Today is my first blog as Research Assistant and Archivist at the Jewish Military Museum. For the next nine months I will be researching and cataloguing the museum’s collection, seeking out exciting stories to tell and hidden gems to share. I have learnt a lot in my first two weeks including which objects I will need to research, who I need to speak to and where to buy the biggest falafel pitta I have ever seen!
During my first month at the museum I’ll be researching three key objects in the collection which will be the first to be displayed at the Jewish Museum London.
These are the Association of Jewish Ex-Servicemen and Women (AJEX) Memorial Window by Abram Games, the Marcus Segal collection of letters and Doris Benjamin’s nurse’s cape.
Yesterday I took on the daunting task to identify as many of the 177 badges on Doris Benjamin’s cape as possible. Doris Benjamin was a military nurse with the Voluntary Aid Detachment (VAD) during the Second World War and collected these badges from the soldiers she treated. I spent the day at the National Army Museum‘s Templer Study Centre (TSC) and used various books to identify 161 of the badges, so almost all of them!
Here are a few of the badges that I found particularly interesting:
This is the badge of the Faeroe Islands Force. This force occupied the Faeroe Islands in 1940 as a preventative measure against German aggression. The badge depicts a Tjaldur or oyster catcher, the emblem of the Faeroes.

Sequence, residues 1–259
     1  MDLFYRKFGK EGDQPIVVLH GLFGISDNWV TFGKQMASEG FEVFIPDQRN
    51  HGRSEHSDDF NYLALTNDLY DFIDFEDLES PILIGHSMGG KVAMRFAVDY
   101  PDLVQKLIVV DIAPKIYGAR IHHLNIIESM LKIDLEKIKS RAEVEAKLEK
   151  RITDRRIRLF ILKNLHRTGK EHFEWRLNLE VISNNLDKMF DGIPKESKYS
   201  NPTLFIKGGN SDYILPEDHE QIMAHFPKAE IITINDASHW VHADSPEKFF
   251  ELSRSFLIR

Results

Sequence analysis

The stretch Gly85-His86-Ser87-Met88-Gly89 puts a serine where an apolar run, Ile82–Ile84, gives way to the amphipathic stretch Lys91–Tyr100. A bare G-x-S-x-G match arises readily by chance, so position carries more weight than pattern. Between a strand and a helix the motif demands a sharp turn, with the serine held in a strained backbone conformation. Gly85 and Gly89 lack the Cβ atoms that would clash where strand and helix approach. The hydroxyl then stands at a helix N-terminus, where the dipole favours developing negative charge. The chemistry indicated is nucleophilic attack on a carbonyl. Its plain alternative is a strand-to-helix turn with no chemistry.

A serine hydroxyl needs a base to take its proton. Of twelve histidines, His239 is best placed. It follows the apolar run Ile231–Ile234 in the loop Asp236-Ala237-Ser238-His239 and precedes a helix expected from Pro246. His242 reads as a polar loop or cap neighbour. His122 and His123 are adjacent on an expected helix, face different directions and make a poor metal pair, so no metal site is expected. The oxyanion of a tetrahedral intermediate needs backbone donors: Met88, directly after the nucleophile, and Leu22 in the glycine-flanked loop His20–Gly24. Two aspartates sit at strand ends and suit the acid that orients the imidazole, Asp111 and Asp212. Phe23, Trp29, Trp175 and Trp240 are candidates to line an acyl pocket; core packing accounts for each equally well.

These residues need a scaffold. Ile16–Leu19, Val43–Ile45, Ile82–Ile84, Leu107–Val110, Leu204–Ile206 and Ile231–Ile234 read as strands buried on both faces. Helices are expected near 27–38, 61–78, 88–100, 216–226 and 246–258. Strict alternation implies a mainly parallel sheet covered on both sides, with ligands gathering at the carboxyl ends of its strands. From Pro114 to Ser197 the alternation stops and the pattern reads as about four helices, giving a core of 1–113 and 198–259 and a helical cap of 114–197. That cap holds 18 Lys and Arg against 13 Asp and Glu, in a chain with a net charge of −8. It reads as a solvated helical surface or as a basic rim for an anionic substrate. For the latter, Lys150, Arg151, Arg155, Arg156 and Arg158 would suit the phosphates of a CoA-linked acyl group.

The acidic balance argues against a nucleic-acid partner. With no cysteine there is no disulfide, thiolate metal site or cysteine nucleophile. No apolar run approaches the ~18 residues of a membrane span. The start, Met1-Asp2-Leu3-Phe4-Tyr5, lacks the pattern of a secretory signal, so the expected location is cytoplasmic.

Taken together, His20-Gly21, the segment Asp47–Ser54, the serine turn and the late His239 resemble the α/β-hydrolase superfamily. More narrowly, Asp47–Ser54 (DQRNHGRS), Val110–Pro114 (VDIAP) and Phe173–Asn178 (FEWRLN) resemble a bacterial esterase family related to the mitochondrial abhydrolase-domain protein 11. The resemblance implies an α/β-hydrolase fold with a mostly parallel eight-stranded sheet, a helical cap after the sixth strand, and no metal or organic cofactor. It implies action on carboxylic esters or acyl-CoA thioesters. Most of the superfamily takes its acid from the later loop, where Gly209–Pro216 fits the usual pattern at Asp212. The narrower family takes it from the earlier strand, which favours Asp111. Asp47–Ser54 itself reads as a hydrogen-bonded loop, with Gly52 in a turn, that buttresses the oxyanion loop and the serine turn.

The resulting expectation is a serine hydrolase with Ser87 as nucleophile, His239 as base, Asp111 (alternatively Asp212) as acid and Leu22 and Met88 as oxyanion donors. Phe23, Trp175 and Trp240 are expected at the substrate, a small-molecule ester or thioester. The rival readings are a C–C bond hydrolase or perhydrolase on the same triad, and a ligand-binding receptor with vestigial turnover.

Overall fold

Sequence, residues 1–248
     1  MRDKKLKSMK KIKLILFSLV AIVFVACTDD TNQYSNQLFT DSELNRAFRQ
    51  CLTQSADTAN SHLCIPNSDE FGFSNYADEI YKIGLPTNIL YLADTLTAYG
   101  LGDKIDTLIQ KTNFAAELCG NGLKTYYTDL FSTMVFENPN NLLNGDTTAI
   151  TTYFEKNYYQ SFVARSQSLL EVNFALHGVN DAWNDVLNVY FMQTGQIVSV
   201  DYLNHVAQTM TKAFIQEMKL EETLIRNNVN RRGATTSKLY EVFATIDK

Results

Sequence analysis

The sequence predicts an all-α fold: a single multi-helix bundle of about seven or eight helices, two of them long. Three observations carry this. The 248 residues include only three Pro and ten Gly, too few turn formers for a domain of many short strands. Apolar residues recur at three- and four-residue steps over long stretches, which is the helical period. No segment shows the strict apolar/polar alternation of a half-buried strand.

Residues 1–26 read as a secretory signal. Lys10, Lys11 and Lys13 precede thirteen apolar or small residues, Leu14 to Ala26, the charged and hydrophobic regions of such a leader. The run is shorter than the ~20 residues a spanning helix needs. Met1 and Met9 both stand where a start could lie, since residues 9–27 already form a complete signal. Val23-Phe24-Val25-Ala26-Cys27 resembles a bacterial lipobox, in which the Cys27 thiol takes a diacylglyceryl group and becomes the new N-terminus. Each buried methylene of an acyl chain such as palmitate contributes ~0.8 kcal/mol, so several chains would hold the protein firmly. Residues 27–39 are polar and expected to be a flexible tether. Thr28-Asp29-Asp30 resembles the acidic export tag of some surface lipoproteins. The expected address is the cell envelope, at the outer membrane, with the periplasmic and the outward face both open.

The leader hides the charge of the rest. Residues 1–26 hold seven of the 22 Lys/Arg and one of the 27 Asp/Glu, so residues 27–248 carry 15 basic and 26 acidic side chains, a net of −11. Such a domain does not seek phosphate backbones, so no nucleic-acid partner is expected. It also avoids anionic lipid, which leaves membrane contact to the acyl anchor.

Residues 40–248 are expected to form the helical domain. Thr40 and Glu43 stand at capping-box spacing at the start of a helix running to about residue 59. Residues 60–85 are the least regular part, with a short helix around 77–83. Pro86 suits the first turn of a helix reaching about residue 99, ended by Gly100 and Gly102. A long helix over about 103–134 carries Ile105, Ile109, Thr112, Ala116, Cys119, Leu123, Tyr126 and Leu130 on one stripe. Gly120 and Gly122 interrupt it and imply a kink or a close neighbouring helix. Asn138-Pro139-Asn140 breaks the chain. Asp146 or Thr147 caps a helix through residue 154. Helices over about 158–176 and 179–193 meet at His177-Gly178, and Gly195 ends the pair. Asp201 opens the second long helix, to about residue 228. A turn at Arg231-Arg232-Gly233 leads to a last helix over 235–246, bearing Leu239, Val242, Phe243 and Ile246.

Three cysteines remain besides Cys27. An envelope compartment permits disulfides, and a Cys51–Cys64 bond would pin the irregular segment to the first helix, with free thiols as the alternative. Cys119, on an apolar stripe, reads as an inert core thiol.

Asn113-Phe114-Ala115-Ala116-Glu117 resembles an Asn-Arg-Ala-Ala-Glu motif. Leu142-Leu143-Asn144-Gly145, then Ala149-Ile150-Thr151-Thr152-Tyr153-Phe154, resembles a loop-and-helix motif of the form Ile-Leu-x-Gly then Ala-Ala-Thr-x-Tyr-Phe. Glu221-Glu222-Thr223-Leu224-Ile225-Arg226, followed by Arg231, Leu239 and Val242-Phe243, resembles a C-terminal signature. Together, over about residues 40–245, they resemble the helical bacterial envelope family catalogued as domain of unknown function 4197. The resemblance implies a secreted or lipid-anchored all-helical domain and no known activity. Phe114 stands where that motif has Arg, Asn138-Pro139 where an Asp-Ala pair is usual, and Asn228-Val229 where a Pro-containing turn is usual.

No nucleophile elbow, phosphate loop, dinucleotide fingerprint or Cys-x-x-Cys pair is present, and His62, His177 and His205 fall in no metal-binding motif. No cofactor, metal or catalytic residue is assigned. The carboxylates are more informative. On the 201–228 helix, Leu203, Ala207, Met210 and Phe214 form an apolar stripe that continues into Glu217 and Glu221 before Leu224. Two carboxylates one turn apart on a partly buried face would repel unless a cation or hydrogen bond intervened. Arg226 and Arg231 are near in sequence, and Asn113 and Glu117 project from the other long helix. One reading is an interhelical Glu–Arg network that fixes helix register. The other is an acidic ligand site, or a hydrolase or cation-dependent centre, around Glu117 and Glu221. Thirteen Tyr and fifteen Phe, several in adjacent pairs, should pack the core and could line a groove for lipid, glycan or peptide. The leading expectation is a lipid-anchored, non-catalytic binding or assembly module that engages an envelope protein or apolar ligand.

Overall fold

The 56th (London) Infantry Division used a lucky black cat as their regimental badge. This is said to represent ‘Dick Whittington’s cat’, who drove the rats from London. I think it’s really interesting that the Division used a cat from this London folktale. Perhaps they felt this reflected how they intended to drive enemy forces away.
This is the badge of the 5th Infantry Division who are believed to hold the record for the most travelled formation of the Second World War. They joined the British Expeditionary Force in France in 1939 and went on to serve in Norway, Madagascar, India, Persia, Iraq, Palestine, Egypt, Sicily and Italy. The white Y for Yorkshire represents its pre-war association with the Northern Command.
The penguin on the badge of the 22nd Beach Brigade (one of the beach formations) caught my eye. The brigade chose the flightless yet amphibious penguin as their symbol as they had no aircraft. I think it is probably my favourite badge!
Unfortunately there were 16 badges that I could not identify, and I’ve included them below so if anyone knows what they may be please comment below.
Next week I am hoping to visit and talk to Doris Benjamin herself about her time as a military nurse. I am really looking forward to meeting with her and will report back in 2 weeks’ time…
Can you help identify these World War II cloth badges?